It remains a shame that players like Ryan Manning, Ilias Chair, Bright Osayi-Samuel and Paul Smyth who were playing regularly for the first team at the end of last season have all drifted down the pecking order, and it remains a concern what we’re going to do come next August when Rangel, Cameron, Hemed and Wells are no more and there’s no parachute payment left to try and pay for similar borrowings. Holloway kept us competitive with a strike force of Sylla, Smith and Washington and McClaren has been allowed to bring in four players his predecessor would have killed for.
But we currently have three youth team graduates starting regularly (Lumley, Furlong, Eze) which is unheard of at QPR over the last 20 years. We’re in the top half of the table after two and a half years in sixteenth. We’re good to watch. We’re winning games. I’ve been impressed with how McClaren has recovered a difficult situation and grown these little green shoots out of it.
In October you criticised the system for not suiting enough players - has that been improved on?
We evolved pretty quickly through August, September and October to hit upon a system that suited us, and it basically started in that Reading game.
We began the season trying to play an extreme version of purist football, passing everything out from the goalkeeper, splitting the centre backs, asking the defenders to make the play, midfielders dropping deep to receive and, honestly, while that’s all very worthy and I wouldn’t go in my back garden to watch Tony Pulis football… it didn’t work. It didn’t suit the goalkeeper, Matt Ingram, whose chance of making it at QPR was probably blown in the process. It didn’t suit the two centre backs, who’ve become our best players since we changed it. It didn’t suit anybody.
We then tried a 4-4-2 set-up, basically because we loaned two quality strikers (Wells and Hemed) when we only needed one and we tried to crow-bar them both in. This meant Ebere Eze and Luke Freeman had to play as conventional wingers, which suited neither of them, and it kept people like Pawel Wszolek out of the team.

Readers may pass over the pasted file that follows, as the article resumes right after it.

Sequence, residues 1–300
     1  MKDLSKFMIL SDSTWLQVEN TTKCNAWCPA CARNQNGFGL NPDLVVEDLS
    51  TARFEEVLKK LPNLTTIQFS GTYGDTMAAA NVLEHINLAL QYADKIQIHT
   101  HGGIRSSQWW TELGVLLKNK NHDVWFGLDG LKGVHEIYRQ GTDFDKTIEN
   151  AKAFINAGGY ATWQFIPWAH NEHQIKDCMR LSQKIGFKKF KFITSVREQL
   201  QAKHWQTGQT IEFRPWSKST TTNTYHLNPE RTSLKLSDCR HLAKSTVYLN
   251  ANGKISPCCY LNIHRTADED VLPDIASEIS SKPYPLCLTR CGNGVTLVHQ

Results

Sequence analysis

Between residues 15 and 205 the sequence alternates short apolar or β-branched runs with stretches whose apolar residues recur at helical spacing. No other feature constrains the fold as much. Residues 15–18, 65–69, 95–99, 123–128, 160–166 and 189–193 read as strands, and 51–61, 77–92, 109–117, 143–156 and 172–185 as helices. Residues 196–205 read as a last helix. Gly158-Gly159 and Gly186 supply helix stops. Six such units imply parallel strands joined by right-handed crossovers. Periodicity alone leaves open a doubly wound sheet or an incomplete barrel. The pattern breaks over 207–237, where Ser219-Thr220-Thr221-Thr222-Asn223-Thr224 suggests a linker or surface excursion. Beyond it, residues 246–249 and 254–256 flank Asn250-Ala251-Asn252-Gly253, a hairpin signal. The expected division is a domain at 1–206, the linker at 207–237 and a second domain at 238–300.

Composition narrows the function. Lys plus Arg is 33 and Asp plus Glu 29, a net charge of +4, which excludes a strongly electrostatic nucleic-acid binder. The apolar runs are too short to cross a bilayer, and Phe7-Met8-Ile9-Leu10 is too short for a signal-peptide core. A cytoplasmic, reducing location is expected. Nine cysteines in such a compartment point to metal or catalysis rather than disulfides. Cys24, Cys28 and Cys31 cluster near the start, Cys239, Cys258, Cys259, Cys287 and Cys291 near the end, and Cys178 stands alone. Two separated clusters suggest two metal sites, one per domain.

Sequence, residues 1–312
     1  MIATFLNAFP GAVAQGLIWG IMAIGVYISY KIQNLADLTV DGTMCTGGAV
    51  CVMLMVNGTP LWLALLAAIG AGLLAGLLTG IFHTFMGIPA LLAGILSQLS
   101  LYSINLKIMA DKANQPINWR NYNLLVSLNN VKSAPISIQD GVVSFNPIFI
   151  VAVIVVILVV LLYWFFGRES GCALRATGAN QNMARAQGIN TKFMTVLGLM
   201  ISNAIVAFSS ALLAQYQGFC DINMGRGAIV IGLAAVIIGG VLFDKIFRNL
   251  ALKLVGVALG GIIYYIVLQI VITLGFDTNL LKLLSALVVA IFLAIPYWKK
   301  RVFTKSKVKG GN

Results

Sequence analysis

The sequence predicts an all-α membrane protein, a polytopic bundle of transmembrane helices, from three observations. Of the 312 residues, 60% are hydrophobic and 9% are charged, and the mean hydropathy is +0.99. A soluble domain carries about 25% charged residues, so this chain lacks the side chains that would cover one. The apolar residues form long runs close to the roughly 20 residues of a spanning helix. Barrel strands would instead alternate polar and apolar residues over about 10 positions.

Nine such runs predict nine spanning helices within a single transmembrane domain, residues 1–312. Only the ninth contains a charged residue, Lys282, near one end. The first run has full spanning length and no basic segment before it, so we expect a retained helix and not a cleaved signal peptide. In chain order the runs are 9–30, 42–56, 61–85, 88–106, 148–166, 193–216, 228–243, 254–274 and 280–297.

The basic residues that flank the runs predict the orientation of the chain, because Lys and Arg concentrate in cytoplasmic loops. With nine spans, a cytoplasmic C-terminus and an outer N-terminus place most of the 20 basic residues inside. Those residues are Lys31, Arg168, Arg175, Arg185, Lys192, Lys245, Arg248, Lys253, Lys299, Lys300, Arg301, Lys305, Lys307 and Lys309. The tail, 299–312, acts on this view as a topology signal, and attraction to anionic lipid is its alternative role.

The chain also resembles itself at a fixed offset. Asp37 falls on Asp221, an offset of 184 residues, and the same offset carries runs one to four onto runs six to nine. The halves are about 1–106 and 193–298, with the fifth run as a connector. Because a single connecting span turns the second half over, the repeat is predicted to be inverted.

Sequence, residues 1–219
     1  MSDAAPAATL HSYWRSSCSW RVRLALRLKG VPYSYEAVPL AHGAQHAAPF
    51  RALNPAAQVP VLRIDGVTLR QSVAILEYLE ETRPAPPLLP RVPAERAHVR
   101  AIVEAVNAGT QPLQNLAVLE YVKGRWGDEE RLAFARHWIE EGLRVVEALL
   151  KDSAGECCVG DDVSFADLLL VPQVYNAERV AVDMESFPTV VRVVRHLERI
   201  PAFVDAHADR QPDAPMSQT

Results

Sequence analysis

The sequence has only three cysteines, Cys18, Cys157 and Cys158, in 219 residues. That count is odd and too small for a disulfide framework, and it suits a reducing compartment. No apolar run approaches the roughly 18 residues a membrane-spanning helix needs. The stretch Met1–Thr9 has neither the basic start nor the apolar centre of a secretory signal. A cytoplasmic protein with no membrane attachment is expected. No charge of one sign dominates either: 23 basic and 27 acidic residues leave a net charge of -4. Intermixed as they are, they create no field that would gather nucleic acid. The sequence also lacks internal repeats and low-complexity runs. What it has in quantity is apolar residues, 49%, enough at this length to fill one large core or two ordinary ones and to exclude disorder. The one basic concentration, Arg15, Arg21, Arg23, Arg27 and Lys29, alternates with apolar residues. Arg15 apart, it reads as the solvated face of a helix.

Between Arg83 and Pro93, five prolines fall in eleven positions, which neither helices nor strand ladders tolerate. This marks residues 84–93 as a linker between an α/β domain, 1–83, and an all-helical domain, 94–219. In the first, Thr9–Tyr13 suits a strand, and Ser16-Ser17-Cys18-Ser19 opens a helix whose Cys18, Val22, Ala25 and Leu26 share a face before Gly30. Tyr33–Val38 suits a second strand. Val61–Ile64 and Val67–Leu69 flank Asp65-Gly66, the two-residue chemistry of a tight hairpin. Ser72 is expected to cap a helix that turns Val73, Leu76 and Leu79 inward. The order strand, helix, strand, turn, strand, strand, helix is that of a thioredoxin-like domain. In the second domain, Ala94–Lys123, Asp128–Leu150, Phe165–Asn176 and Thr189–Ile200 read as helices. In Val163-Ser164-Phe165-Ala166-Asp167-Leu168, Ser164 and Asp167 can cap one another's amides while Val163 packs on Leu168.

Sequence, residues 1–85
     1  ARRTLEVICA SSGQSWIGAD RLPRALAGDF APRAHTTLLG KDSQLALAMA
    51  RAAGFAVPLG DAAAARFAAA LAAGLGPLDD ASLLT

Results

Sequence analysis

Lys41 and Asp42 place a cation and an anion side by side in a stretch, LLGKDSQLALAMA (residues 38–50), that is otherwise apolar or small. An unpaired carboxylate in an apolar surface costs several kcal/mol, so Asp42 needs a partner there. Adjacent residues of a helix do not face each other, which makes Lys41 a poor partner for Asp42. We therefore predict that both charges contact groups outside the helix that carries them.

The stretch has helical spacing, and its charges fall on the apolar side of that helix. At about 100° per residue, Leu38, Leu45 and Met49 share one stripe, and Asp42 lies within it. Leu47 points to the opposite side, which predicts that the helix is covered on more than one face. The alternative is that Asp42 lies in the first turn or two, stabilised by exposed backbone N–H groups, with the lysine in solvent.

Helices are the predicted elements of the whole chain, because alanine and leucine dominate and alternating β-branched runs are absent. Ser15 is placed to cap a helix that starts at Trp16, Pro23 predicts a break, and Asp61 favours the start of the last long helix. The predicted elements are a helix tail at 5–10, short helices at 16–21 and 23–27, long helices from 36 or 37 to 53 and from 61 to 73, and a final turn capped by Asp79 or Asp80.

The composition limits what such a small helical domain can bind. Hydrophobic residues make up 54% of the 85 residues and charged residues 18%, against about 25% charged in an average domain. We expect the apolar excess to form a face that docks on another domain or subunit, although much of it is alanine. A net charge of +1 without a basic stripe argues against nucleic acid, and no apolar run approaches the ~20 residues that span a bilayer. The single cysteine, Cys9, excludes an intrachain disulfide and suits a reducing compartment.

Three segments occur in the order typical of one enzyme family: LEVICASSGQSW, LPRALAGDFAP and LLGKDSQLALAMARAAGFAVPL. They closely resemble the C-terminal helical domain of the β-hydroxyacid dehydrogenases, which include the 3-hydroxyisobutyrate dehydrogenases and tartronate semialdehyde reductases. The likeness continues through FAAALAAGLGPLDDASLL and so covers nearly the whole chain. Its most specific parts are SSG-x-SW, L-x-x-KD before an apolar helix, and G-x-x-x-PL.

McClaren bit the bullet in mid-October, recognised that only one of the strikers should be playing, that Eze should be picked at ten or not at all, that Geoff Cameron can provide great protection to the defence, and basically that our entire squad is built to play 4-2-3-1. We’ve looked very comfortable in that shape and been in play-off form ever since really.
I’d give McClaren credit for adapting – managers often become stubbornly entrenched in something that isn’t working whereas he’s been very adaptable and changed his ideas on shape and style several times in quick succession to get to a place where the set up works for the players he has available rather than an ideal he has in his mind.
Do you expect a busy January transfer window?
We’re under a transfer embargo for our historic, flagrant breaches of the rules during the Redknapp years, so no. Middlesbrough were tipped to come back for Luke Freeman who they tried for in the summer but he’s just signed a new contract. A number of our successful U23 team need some proper football so I’d expect a few loans – we’ve heard Paul Smyth who was great for the first team at the end of last season may go to Peterborough, Aremide Oteh scores for fun at U23 level so needs to be playing properly either with us or somewhere else temporarily.
Where do you expect to see QPR finish in May?
We’ve been sixteenth for two and a half years so that’ the default and, honestly, if we end up there again I wouldn’t be that surprised. Injuries are starting to chew into the squad – signing those experienced players and relying on them so heavily to play every minute of every game has already sidelined Rangel, Cameron and Hemed long-term.
Optimistically, we keep up the performance level and style of the last couple of months, keep bloodying the noses of the bigger teams on bigger budgets, and finish in the top half. Win the two winnable home games we have this week and people will start losing their sh*t.
How will the game go, and what will the score be?
The Nottingham Forest win on Saturday was a big deal for us – we’ve struggled to win away for years and had never won at The City Ground in 34 attempts over 84 years. It would be very typical of us to follow that up with a bad home defeat but we avoided that pitfall very comfortably against Ipswich on Boxing Day. We’re usually very poor in December, we haven’t won three games in the month since 2008 and we haven’t won four since 1974. The new manager syndrome adds a bit of uncertainty as well but if we play like we have done in the last three games then we’ll win.